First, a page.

It is a solemn matter to appoint a Herald to your household, for he will be with you, assuming your need for him continues, forever after. His presence alone can turn a simple sandwich into a solemn banquet. Never take a Herald on a picnic. (The Book of Weird)
I'm an Academic Herald. I'm not a "real" herald; I don't register people's coats of arms (though I can certainly suggest designs for those who might be interested). What I do is study, research, teach, and write about heraldry. And I like to share what I have learned about heraldry, hence this blog. I hope that you'll find it informative, interesting at least occasionally, and worth your time to come back. Got a question? Comments? Feel free to let me know. I'd love to hear from you. You can find my contact information in my Profile.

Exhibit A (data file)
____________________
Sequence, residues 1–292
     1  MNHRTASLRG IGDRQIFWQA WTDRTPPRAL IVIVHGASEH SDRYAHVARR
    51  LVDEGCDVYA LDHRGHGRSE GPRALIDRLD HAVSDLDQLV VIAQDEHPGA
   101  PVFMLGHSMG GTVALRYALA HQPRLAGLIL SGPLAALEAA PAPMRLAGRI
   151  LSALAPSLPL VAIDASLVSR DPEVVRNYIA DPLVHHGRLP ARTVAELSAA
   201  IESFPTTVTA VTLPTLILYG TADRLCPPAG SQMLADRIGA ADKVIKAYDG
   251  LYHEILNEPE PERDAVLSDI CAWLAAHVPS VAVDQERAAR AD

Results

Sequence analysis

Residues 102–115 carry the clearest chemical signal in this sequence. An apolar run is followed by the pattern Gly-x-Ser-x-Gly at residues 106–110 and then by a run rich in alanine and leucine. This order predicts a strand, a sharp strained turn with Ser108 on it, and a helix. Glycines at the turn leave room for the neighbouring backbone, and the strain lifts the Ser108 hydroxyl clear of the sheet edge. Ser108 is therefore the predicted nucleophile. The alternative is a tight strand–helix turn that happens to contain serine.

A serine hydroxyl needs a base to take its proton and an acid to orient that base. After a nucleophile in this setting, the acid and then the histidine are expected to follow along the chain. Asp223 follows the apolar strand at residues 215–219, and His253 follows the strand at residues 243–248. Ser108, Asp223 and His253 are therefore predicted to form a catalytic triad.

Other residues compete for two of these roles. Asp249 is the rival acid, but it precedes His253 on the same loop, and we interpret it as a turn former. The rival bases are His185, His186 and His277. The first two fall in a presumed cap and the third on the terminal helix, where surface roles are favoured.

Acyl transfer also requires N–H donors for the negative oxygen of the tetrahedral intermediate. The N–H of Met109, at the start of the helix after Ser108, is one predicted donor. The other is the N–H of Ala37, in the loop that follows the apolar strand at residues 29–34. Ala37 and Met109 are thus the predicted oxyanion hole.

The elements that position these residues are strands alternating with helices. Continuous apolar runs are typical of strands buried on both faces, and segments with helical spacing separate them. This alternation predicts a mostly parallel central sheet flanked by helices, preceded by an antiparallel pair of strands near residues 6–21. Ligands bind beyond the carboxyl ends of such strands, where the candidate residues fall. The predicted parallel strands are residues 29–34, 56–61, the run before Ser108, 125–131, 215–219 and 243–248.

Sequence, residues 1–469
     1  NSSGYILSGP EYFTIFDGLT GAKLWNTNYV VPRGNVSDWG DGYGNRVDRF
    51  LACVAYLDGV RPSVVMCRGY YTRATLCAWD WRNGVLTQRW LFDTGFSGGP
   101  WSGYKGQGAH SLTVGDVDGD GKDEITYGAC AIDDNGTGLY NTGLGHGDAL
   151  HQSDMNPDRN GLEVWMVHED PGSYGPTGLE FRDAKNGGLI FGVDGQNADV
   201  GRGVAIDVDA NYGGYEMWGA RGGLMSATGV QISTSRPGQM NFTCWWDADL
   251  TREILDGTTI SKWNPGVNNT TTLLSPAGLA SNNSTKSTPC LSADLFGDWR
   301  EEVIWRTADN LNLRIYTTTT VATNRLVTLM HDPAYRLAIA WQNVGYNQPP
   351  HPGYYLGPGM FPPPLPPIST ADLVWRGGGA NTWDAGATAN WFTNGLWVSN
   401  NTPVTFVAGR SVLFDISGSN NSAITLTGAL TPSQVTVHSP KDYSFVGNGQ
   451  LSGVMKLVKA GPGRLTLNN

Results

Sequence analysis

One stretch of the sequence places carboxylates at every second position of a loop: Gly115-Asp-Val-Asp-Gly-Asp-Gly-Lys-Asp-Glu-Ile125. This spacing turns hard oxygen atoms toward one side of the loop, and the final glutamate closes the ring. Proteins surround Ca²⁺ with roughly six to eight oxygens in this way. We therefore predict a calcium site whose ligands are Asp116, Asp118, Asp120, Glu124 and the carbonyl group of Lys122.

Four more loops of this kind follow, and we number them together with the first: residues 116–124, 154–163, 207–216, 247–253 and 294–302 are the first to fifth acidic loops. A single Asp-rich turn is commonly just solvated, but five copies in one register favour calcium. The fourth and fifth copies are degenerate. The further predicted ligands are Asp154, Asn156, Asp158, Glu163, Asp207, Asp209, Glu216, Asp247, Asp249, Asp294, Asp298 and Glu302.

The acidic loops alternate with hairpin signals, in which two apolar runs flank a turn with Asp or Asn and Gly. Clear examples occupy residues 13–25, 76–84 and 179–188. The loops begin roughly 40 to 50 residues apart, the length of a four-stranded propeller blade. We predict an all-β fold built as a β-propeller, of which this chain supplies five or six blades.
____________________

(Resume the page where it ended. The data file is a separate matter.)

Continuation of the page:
International Heraldry Day this year will be on Wednesday, June 10, 2015.
Why June 10?
On June 10 in the year 1128, in Rouen, was knighted by his future father in law Henry I Beauclerc, Godfrey Plantagenet. Suspended during the ceremony on the neck of the young knight was a shield of blue decorated with six golden lions, which is recognized by most heralds as, for the first time in history, a fully-formed coat of arms.
This same shield was later borne by Geoffrey's grandson, William Longspee, which is what leads heralds to recognize it as the first true heraldry.
Heraldry was defined by the late Sir Anthony Wagner, Garter Principal King of Arms, as "the systematic use of hereditary devices centred on the shield." Hence, its hereditary nature, descending in family lines, is an essential part of what distinguishes heraldry from being simply designs painted on shields.
So, what are you going to do to mark this special occasion?